ISSJ - N° 179 - Tracking Impact. Case Studies on the Research Policy Nexus

March 2004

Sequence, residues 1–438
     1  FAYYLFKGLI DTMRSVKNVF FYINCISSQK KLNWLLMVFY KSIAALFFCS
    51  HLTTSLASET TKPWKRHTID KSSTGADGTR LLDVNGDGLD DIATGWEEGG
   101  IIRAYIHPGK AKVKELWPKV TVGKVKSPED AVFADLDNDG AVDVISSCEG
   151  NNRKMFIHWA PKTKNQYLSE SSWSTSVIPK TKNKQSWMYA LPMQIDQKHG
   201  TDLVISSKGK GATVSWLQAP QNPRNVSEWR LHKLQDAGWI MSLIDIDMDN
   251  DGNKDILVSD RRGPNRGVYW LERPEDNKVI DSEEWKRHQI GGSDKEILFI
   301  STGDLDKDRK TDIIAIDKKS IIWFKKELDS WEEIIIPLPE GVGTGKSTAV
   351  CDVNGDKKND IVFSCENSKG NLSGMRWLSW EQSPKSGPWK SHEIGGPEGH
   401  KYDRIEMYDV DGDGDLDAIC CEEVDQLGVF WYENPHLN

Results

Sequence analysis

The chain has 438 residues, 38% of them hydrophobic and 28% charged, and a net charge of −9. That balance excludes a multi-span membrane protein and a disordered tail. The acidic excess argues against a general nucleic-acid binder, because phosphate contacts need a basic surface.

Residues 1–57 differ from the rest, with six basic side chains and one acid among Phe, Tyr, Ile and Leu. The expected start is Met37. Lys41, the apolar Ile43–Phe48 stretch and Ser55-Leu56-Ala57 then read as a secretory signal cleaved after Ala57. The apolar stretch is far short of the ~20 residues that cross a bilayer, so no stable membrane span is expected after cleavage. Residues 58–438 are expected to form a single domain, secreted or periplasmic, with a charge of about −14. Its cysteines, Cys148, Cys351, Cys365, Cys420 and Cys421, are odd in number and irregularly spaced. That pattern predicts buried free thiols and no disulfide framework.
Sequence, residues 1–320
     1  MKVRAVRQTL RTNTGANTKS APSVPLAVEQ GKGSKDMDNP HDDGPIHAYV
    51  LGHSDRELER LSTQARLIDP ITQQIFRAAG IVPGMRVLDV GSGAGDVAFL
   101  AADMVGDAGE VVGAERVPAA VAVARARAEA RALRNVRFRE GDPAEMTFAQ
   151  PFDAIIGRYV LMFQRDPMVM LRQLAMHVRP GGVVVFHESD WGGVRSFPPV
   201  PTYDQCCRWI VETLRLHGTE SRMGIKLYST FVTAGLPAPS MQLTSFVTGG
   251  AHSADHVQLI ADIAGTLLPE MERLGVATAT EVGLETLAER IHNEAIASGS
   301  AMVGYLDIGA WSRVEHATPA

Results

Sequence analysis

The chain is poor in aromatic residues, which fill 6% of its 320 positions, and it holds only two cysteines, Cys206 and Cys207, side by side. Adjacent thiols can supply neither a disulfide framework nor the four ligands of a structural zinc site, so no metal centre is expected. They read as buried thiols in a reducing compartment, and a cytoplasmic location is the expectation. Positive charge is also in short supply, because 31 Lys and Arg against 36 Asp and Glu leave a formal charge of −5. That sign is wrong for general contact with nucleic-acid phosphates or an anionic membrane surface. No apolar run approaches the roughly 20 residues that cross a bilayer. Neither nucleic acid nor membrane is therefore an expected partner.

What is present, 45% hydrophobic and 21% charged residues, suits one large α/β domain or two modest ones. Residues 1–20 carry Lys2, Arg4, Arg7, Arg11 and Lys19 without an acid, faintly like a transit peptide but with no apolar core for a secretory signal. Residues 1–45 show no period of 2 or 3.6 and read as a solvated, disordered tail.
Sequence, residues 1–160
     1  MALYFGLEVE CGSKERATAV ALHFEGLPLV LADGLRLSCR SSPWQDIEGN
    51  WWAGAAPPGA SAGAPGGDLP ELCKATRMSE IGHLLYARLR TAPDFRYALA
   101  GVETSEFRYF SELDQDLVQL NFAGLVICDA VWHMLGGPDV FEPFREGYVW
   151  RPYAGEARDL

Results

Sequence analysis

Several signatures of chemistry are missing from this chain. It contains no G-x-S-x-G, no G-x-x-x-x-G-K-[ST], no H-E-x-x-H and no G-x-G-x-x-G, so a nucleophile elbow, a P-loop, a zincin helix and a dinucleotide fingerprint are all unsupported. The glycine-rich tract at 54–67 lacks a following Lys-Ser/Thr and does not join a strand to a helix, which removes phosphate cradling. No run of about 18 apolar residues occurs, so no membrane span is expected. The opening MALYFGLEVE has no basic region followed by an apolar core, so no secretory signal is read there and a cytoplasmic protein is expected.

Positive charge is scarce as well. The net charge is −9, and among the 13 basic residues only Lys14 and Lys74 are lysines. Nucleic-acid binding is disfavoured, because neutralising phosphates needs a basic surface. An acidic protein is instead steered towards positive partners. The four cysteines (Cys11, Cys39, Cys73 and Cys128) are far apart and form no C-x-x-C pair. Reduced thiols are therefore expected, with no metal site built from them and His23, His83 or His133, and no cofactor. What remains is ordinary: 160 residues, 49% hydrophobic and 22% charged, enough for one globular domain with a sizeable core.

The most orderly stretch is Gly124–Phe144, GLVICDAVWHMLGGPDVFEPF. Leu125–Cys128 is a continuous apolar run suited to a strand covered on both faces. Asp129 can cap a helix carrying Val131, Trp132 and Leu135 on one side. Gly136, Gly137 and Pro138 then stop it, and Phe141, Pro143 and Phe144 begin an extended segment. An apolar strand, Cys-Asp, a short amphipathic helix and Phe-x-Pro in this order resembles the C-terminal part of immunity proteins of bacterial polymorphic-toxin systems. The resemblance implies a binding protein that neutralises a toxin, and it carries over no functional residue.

In pursuit of a wide range of goals, contemporary states intervene ever more closely in the fabric of their societies. They may wish, for instance, to promote public health by anti-smoking and road safety campaigns, to design social benefits that are better suited to highly diverse individual situations, to facilitate forms of “life-long learning” that equip their citizens for the “knowledge society”, or to open up major technological decisions to democratic participation. Such intervention requires both detailed knowledge of social situations and the ability to predict their changes in response to hypothetical schemes. It presupposes, in other words, a rather unlikely deployment of social science. Unlikely, in so far as social science is often uncomfortable with “instrumentalization”, and has, indeed, some good epistemological arguments to dismiss it. Unlikely, equally, because policy makers are often reluctant to take into account the distinctive timeframe and logic of scientific inquiry, to say nothing of possibly embarrassing conclusions. The articles in this issue provide a geographically and sectorally diverse overview – from the Philippines to Uzbekistan and from Cameroon to the Netherlands – of knowledge utilization in social policy, along with an analysis of the obstacles it encounters and the possible failures it may produce. An understanding of such failures is crucial for two inseparable tasks: a more accurate scientific analysis of the social world and enhanced capacities for action to address its most urgent ills.

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